Abstract NS2: Code Neuro Nurses May Improve Door-to-Needle Times in Posterior Circulation Strokes
Background: Posterior circulation strokes (PCS) can be more difficult to diagnose than anterior circulation strokes (ACS). Ambiguous symptoms such as isolated vertigo, non-lateralizing signs and low National Institute of Health Stroke Scale (NIHSS) scores have been shown to delay treatment with intravenous (IV) tissue plasminogen activator (tPA) and prolong Door-to-needle (DTN) times. In 2006, this institution implemented the use of Code Neuro Nurses 24/7 as part of a highly developed stroke response system of care, to expedite diagnosis and treatment of all stroke patients. As part of this program, all patients in the Emergency Department (ED) with suspected stroke are evaluated by a Code Neuro Nurse. Anecdotal evidence suggested that overall DTN times improved as a result of the Code Neuro Nurse. But were DTN times still prolonged in PCS patients compared to ACS patients?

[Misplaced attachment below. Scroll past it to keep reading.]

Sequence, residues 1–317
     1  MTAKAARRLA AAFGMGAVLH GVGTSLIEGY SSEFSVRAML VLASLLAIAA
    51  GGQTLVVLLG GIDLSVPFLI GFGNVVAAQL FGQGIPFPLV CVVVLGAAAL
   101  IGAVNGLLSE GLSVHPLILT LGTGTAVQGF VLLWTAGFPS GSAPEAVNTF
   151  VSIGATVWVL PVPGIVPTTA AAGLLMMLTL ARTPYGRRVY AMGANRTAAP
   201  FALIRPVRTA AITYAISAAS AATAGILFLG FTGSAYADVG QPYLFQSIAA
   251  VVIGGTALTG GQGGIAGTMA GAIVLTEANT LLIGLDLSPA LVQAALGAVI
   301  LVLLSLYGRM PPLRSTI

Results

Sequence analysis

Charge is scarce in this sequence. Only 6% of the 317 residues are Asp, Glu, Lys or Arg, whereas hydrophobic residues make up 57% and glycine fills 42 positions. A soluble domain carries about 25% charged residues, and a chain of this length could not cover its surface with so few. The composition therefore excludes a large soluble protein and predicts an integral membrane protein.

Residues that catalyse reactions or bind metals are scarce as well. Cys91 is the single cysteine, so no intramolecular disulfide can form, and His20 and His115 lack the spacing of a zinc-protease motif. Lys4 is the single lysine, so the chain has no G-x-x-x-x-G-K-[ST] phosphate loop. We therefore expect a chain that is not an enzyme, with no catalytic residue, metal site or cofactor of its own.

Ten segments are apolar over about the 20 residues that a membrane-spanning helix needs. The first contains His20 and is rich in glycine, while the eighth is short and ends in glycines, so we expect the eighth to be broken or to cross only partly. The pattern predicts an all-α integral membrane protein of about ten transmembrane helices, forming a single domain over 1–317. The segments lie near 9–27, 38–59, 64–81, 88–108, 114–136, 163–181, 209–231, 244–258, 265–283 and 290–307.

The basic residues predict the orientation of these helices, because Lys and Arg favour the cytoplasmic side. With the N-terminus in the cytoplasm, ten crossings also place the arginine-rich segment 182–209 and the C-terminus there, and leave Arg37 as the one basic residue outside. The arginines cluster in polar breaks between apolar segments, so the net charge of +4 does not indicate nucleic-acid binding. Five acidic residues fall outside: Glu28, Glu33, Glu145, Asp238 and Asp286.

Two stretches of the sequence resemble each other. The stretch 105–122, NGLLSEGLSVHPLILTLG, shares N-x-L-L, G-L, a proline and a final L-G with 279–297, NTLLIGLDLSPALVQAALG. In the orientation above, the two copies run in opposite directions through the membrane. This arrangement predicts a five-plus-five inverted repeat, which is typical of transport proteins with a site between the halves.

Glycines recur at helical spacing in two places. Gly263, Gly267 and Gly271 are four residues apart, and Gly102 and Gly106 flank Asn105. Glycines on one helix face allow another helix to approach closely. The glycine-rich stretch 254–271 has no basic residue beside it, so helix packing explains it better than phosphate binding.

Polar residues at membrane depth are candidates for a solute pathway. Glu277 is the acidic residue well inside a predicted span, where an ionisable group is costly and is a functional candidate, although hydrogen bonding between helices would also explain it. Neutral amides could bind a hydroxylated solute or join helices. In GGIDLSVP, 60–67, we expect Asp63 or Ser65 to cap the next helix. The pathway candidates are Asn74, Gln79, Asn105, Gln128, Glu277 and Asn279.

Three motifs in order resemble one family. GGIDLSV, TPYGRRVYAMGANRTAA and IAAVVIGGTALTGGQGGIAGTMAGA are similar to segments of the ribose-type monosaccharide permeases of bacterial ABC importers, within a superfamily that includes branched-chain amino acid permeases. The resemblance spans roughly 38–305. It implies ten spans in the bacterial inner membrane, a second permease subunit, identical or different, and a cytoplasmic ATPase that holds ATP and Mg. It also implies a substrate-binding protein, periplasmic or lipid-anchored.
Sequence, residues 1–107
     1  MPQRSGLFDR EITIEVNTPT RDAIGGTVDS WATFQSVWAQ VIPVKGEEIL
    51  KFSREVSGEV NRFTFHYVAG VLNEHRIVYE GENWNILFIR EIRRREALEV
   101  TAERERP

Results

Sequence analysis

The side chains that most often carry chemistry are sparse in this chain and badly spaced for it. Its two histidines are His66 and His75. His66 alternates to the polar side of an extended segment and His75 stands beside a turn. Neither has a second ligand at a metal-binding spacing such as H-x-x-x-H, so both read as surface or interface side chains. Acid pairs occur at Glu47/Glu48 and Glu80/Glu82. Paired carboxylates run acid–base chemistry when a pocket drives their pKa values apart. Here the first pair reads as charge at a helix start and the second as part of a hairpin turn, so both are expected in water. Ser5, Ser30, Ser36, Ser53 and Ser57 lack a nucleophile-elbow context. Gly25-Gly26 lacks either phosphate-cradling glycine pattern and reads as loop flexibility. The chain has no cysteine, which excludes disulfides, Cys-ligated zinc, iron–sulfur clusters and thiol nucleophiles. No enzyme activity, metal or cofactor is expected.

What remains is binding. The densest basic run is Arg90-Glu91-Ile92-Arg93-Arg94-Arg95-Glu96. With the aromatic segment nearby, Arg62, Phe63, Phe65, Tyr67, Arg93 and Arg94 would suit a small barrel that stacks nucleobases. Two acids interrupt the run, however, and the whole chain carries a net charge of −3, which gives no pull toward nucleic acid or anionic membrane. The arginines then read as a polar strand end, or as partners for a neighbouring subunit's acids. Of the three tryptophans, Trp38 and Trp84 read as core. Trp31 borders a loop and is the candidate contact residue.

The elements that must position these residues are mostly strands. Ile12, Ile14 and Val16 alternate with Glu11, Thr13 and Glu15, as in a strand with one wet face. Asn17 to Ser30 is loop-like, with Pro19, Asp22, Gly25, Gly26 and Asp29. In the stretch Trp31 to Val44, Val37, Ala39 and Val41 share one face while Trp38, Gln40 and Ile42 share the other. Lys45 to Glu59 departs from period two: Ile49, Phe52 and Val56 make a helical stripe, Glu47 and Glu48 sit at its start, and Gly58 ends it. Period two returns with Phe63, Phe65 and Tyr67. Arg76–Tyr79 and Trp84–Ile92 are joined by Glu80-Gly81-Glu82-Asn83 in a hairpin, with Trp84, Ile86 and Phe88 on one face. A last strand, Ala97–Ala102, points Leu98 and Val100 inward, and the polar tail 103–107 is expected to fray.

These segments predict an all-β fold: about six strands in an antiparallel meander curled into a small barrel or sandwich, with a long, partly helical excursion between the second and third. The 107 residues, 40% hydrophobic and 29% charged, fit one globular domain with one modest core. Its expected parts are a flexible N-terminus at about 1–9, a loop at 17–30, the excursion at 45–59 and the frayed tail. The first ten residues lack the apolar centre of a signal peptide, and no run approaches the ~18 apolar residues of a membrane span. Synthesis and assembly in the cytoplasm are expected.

Purpose: The purpose of this project was to determine if DTN times in PCS were longer than times for ACS, in patients who received IV tPA.
Methods: An IRB approved retrospective chart review of ischemic stroke cases in 2011 and 2012 found 145 patients who received IV tPA. Data analysis was performed on data elements contained in the table.
Results: Of the 145 patients who received tPA, 15.8% (n=23) had PCS. Age and gender were similar between the two groups. Mean admission NIHSS scores in patients with PCS were lower than scores in ACS patients. There were no differences in mean DTN times for PCS compared to ACS. Mortality and disposition to home were not different between the groups.
Conclusion: As expected, the admission NIHSS scores for PCS tended to be lower than for ACS, which can contribute to delays in DTN times. However, there was no statistical difference in DTN times between the two groups. Utilizing the expertise of the Code Neuro Nurse in the ED may be a key factor in accurately and efficiently diagnosing PCS strokes, leading to DTN times comparable to ACS cases.
Author Disclosures: D. Summers: None. M. Rymer: None. J. Wessol: None.
- © 2014 by American Heart Association, Inc.